The lesson here is to be very mindful of health insurance networks when looking at the less expensive plans on the exchange. Before paying for anything, you should call the insurance company in question to see how their customer service is, and chat with a representative about their network size.

3. Tax credit

The major feature of the ACA are the federal health insurance subsidies for those with annual incomes between 133 and 400 percent of the Federal Poverty Line. The issue with the subsidies though is that they are based off of your estimated annual income for the following year. Meaning that when applying for health insurance at the exchange now in 2013, you are asked to project what your income will be for 2014. Then based off of that estimate you get your health insurance subsidy if you qualify. The problem though is if you estimate wrong.

First if you overestimate your income and end up making less during the year than you thought you would, you actually get that extra subsidy money. That extra is the difference between what you got and what you would have qualified for if you estimated corrected during the enrollment period. On the other hand though if you underestimate your income and make more than you thought you would, you have to pay back whatever extra subsidy you received when you file taxes.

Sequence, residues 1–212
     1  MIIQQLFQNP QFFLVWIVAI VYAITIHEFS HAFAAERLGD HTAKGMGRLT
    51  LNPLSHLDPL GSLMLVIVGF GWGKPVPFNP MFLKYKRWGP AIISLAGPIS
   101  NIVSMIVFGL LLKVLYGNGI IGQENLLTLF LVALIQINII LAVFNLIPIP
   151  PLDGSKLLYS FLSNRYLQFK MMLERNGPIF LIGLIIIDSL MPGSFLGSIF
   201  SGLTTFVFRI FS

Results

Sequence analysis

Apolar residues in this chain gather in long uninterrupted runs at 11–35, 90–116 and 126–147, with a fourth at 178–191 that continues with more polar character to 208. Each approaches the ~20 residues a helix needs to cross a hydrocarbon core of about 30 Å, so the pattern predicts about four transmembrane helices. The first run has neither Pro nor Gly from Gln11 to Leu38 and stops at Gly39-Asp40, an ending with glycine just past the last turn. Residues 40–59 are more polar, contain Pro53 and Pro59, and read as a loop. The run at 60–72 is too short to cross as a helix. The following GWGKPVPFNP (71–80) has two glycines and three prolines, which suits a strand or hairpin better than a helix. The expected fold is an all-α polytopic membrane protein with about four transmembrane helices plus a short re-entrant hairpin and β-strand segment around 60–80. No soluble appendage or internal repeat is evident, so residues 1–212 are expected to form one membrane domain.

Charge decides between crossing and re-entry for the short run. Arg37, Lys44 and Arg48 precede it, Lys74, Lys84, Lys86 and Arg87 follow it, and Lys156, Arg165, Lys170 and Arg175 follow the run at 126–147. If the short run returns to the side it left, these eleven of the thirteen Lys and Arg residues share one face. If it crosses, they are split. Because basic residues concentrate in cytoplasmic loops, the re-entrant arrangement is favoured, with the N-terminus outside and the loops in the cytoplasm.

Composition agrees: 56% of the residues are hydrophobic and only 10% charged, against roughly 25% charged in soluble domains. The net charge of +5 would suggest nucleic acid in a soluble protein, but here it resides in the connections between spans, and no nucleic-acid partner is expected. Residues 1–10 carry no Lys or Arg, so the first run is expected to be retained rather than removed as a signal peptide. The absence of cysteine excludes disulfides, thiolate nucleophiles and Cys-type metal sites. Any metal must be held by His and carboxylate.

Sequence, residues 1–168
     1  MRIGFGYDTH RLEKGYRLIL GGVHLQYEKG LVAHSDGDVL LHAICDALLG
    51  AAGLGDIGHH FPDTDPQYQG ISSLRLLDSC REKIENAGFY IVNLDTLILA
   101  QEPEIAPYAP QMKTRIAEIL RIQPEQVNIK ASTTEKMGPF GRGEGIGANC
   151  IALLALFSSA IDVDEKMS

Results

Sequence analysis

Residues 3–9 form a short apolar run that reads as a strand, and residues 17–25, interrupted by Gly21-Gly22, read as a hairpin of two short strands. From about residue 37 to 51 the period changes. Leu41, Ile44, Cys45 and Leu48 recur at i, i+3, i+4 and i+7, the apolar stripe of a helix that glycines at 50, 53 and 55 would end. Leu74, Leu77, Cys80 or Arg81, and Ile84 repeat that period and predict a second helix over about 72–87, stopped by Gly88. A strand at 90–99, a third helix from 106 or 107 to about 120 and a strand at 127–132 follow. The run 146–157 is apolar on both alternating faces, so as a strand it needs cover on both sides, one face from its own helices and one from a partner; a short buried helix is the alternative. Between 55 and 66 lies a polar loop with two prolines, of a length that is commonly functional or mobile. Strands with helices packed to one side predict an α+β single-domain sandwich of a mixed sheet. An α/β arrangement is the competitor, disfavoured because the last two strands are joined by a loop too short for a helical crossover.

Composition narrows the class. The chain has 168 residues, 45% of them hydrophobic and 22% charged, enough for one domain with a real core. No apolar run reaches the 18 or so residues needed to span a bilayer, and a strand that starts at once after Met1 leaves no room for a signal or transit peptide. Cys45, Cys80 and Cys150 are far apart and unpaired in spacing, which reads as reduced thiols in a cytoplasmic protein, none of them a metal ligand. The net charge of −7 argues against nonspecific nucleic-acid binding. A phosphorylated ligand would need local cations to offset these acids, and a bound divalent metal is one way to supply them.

An interesting aspect of the subsidy is that you can take it in chunks. Just because you qualify for a $3,000 subsidy for example doesn’t mean that you need to accept the whole thing up front. You can choose to use half or three quarters let’s say, and then save the rest just in case you have to pay some of it back.

4. You can’t pick a new plan outside of open enrollment

This year open enrollment for the exchanges runs from October 1, 2013 to March 31, 2014. It’s important to know that unless you have a life changing event,  like getting married or having a child, you cannot buy a health insurance exchange plan a outside of that open enrollment period. This poses an issue for those who may have purchased an exchange plan that they didn’t know excluded the doctors or hospitals they need.

A person in that situation could of course drop out of their plan with relative ease, however they could not just jump on another exchange plan. They would have to enroll in a new health insurance plan off of the exchange.

5. Navigators and new york state health insurance exchange staff can’t recommend plans

Chances are that if you buy from the New York exchange, you’ll speak with either a staff member there or maybe work with a certified navigator to purchase your plan. These folks are here to help and guide you through the administrative and technical aspects of purchasing at the exchange. Which means they’ll help you fill out the application, help you with the required paperwork, and answer whatever specific questions you have. However they are barred by law from recommending specific health insurance plans to you.

To fully understand this point, it’s helpful to contrast this with what a health insurance broker usually does. A health insurance broker is able to help you through the process of applying for coverage at the exchange, just as a navigator or exchange staff can. A broker can also answer your specific questions about the plans on the exchange.

Where a broker can go further though is key. They’re able to listen and learn about your health care situation, and then make recommendation. A broker can answer the mightiest of health insurance question, “Is this the best plan for me?”